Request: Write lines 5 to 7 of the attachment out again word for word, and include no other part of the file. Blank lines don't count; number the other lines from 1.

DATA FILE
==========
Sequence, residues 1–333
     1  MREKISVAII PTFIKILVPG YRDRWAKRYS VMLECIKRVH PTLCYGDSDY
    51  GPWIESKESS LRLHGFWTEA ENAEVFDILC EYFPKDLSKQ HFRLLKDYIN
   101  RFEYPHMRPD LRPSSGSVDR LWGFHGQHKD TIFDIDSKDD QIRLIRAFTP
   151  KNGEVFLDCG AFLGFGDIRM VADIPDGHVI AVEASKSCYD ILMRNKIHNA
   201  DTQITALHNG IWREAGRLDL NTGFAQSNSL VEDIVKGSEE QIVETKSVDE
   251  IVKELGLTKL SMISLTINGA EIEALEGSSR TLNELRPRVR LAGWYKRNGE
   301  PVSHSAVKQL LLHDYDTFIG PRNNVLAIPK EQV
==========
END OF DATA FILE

   151  KNGEVFLDCG AFLGFGDIRM VADIPDGHVI AVEASKSCYD ILMRNKIHNA
   201  DTQITALHNG IWREAGRLDL NTGFAQSNSL VEDIVKGSEE QIVETKSVDE
   251  IVKELGLTKL SMISLTINGA EIEALEGSSR TLNELRPRVR LAGWYKRNGE